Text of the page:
Back to driving myself around on tour and I left for Margate just after 2pm so that I could avoid the Friday evening traffic. Kent is one of my least favourite places to travel to on tour. It looks so close, but you have to cross London to get there, which is packed with traffic on the way out and drunks on the way home. My plan to leave early did not work. It took me over four hours to do the journey that would take me under two hours on the way home. The whole of London, it seemed was determined to squeeze through the tiny tunnel that takes it to the garden of England. My wait was compounded by me mis-reading my sat nav and taking a left a bit too early, meaning I had to join another traffic jam approaching from another direction.
I don't think I've been to Margate before (it gets hard to remember after so many years of playing theatres), but I didn't get the chance to look around. I drove past the sea and the down-trodden looking amusement arcades. I would have loved to have gone to Dreamland - what could have been better than a land of dreams? But I had 150 Margatians to entertain with the dreams that come with death (no dreams). The Theatre Royal is perhaps not as grand as it sounds, but it's a sweet old space with a slightly raked stage and a sense of living museum inside - were those seats the originals? I am not taking the piss though. I really liked being here.
There were no interventions from God, though I did momentarily pause to give Him a chance to take his cue. He's moved on to other things and who can blame Him? Those earthquakes aren't going to create themselves. I did however very nearly come a serious cropper at the start of the second half as I entered and tripped over the lead of my microphone which was coiled up on the floor. I could have falled off the stage and broken my neck. Which would be somewhat ironic as I warn the audience that they could trip and fall on their way home. The tech had offered me a wireless mic too, but I prefer to have the lead. Imagine if that choice had killed me. Steve Bennett from Chortle would be rubbing his hands in glee at the irony. I couldn't think of a suitable pun for this accident on the spot - maybe Mic kills Fish? (Michael Fish) A pun is not a pun unless you have to explain it in brackets afterwards.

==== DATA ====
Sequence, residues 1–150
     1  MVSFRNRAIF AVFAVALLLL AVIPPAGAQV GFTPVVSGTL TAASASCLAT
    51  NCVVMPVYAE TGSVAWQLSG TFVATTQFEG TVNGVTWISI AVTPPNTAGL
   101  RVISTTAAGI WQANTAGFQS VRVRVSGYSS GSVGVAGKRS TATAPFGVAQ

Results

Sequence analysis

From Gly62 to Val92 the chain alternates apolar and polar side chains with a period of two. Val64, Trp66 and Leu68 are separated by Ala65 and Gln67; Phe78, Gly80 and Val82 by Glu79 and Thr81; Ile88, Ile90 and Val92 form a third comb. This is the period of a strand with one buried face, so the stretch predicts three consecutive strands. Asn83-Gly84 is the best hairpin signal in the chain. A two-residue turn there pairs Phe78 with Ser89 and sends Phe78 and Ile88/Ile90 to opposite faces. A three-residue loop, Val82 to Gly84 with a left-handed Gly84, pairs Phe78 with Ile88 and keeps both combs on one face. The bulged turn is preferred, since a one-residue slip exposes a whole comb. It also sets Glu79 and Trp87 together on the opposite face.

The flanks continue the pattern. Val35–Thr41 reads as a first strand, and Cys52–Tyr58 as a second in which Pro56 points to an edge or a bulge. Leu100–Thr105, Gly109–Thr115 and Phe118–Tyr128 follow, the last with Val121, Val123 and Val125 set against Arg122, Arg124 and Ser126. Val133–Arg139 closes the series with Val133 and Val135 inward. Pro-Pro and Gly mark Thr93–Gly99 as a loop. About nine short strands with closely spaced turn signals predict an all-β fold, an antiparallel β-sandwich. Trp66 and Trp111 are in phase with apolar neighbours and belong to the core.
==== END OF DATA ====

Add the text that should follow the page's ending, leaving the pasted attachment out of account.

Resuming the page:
Aside from that it was a good but unremarkable show. I stayed energetic despite the drive and the fact that I'd run five miles earlier. During the run my favourite pre-show WAGTD! track came up on shuffle on my iPhone. It's "Ain't It Grand To Be Bloomin' Well Dead" recorded in 1932 by Leslie Sarony. It's great that a song from over 80 years ago is still funny, but it also makes the good point that we treat people like Lords and Ladies in death, when surely it would be better to give them a good day of luxury whilst they were still alive. Sarony himself was only pretending to be an old man in this track - he lived until 1985 and was one of the elderly clerks in the Crimson Permanent Assurance section of Monty Python's Meaning of Life. But there's an added poignancy to the song given that all the people playing it are now dead. But I love that they are still making me laugh all this time later, as I attempt to prolong my own life by running. And that youtube link has a whole extra load of verses on it too, so that was fun to listen to. Nice work Leslie. You maybe made my grandma laugh in the 1930s and now you're making me laugh in the 2010s. If I can make anyone laugh in 2090 I'd be delighted. And those poor fuckers are going to need a giggle, what with them living underwater and having no oxygen. It really is grand to be blooming well dead.
Only eight more chances to see "We're All Going To Die!" live and I believe St Albans and Sutton Coldfield are sold out. It'd be great to get a full house for the DVD record at the final show of the tour at the Bloomsbury Theatre on the 23rd May. Book here.
This week's Metro column is about how my diet is going so far.